Canadian basketball player may be forced to choose between baby girl and Tokyo 2020 Olympics – .

Canadian basketball player may be forced to choose between baby girl and Tokyo 2020 Olympics – .

With less than a month to go before the Olympics, Kim Gaucher could be forced to choose between her life’s work and her future.

Gaucher, a Team Canada basketball player from Mission, BC, gave birth to daughter Sophie on March 19 and is still breastfeeding. However, family members of athletes are not allowed to attend the Tokyo Olympics due to the pandemic.

The new mom and athlete expressed her frustration in a video post to Instagram on Wednesday night.

“Right now I have to choose between being a breastfeeding mother or an Olympian. I can’t have them both, ”said the 37-year-old. “Tokyo said no friends, no family, no exceptions. “

An unlikely exception, according to the IOC

The International Olympic Committee (IOC) told CBC News on Thursday that it would be highly unlikely that “unaccredited people from abroad” would be allowed to attend.

“The National Olympic Committees (NOCs) are responsible for the composition of their delegations at the time of the Games and the IOC is aware that a small number of them have dealt with requests from athletes to bring their children on a case-by-case basis. “

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More from Tokyo 2020

In a statement to CBC, the Canadian Olympic Committee (COC) and Canada Basketball said an appeal has been made to the Tokyo 2020 organizing committee to allow Gaucher’s daughter and husband Ben Gaucher to enter. in Japan.

“The Canadian Olympic Committee and Canada Basketball recognize how difficult this situation is and have supported Kim at her request. In any other Games scenario, we would have long ago found a solution.

“The Tokyo Olympics are naturally held with an unprecedented emphasis on health and safety, this includes closing the Japanese borders to visitors, family and friends from overseas. “

Gaucher told CBC News she was initially led to believe she would be allowed to bring her daughter and husband to the team’s pre-Olympic host city, Kariya City, Japan. But that quickly changed.

“Once I heard that there would be no fans, I was like ‘OK, no fans,’” ​​said Gaucher. But she assumed they would make an exception for a nursing mother. And if there were no exceptions, “I thought it would be easier to bring home milk and things like that.” “

In her social media post, Gaucher said she tried all “traditional routes” to get an exception to bring Sophie to Tokyo. She said in interviews with CBC News that the COC was sympathetic to her situation but couldn’t make an exception.

“Everyone says they’re on board but there’s nothing nobody can do,” she said.

Cour d’Abritration des Sports a possible next step

Erin Durant, an Ontario-based trial lawyer who is not involved in Gaucher’s case, said the next step the player can take – after dealing directly with the IOC and COC – would be to consider to bring his case before the Court of Arbitration for Sport (CAS).

“If she says she’s exhausted all of her options, it looks like her public posting and media stint is sort of her last push to get people to change their minds here,” Durant said.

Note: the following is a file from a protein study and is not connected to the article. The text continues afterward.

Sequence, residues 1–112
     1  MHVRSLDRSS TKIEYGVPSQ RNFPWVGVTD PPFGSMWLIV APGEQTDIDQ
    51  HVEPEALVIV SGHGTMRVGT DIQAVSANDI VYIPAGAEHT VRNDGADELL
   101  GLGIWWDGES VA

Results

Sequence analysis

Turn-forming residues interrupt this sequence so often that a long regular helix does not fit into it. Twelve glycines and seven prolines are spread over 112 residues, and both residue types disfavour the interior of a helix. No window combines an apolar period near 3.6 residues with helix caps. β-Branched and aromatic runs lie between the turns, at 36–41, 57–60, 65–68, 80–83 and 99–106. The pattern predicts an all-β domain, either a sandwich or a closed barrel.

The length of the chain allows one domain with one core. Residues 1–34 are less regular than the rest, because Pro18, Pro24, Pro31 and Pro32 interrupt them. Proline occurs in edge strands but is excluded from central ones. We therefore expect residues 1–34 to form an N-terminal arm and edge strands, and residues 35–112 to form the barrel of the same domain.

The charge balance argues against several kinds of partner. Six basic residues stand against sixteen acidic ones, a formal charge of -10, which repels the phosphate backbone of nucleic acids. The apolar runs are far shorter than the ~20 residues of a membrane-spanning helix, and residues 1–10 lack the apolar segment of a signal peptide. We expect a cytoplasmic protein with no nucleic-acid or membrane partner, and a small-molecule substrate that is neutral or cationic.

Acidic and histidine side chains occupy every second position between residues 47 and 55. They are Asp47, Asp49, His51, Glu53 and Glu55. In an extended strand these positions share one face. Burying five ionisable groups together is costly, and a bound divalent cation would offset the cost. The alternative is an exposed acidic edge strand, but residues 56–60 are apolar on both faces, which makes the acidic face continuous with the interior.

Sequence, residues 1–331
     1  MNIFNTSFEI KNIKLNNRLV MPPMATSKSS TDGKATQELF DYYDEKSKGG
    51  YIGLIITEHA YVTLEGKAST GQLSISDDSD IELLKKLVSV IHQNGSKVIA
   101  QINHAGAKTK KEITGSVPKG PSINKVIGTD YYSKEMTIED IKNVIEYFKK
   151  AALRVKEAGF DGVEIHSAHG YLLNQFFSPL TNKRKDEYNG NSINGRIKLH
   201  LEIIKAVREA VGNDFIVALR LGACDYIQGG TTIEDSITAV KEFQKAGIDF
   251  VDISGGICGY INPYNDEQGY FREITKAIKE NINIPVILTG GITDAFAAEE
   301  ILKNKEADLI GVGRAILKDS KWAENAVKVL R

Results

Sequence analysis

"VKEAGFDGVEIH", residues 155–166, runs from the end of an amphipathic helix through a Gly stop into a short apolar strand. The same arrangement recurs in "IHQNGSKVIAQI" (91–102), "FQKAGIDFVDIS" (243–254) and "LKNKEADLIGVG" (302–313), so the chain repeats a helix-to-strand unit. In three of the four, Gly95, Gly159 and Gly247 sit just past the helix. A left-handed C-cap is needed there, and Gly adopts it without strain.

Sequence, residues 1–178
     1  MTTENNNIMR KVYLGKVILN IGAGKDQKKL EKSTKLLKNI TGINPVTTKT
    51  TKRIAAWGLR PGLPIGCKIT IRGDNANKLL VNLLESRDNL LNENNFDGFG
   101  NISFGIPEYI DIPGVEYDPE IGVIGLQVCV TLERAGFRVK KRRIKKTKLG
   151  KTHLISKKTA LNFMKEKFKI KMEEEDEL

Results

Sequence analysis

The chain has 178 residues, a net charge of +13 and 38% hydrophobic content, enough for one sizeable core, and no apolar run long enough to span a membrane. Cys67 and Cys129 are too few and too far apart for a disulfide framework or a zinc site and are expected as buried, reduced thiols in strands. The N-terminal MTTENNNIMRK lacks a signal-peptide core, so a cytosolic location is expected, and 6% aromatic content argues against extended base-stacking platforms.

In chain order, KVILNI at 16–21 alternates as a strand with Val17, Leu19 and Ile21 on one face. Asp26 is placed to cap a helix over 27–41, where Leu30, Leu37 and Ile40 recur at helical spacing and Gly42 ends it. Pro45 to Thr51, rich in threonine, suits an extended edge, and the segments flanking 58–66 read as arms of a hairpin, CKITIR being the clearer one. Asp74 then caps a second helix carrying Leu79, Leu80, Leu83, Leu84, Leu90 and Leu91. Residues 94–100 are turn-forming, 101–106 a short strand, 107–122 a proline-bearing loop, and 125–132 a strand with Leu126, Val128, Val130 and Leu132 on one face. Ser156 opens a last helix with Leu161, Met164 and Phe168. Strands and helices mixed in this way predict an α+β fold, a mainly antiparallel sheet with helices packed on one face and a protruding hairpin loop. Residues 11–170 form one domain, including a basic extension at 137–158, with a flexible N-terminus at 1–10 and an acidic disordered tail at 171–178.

The organizers of the Tokyo Olympics recently announced a 50% capacity limit, which means that a maximum of 10,000 people will be allowed at each Olympic venue and will be made up entirely of Japanese citizens. No family or friends are allowed to attend.

“As we know in other areas of society, uniform rules sometimes have a very, very different impact on people and can lead to discrimination,” Durant said.

Left-handed, right, is seen above alongside Team Canada head coach Lisa Thomaidis at the 2016 Olympics. (Mark Ralston/AFP via Getty Images)

Meanwhile, international media and sponsors will descend to Japan.

“I started to get a little frustrated, because in my head I didn’t know the difference between my daughter and I being able to breastfeed different from a godfather, different from the media,” Gaucher said.

She previously represented Canada at the 2012 and 2016 Olympics and considered retiring after the Canadian team exited the quarterfinals in Rio, but ultimately decided in 2018 to return for an Olympic final.

She says the basketball team will be out of the country for 28 days for the Olympics, and she has already skipped the team’s recent FIBA ​​AmeriCup tournament in Puerto Rico.

“I don’t have enough milk in me to train as a top athlete, get my butt back in shape and nourish it while also storing a 28-day supply,” Gaucher said.

“Make working mothers normal”

Gaucher also said she looked into shipping milk, a “complicated” option she is still exploring.

Canadian boxer Mandy Bujold had previously been denied an Olympic spot because she was pregnant and postpartum during the qualifying period that was adjusted during the pandemic.

She is now taking her case to arbitration, fighting against the IOC. A decision on his authorization to compete in Tokyo is expected in the coming days.

Gaucher also said he heard from female basketball players for the United States team trying to bring young children to Tokyo to no avail.

“Always having multiple stories is helpful when trying to convince someone to change their mind about a policy or when making a case,” Durant said.

Gaucher implored supporters to help in any way they could.

“We are in 2021. Let’s see if we can make working mothers normal. “


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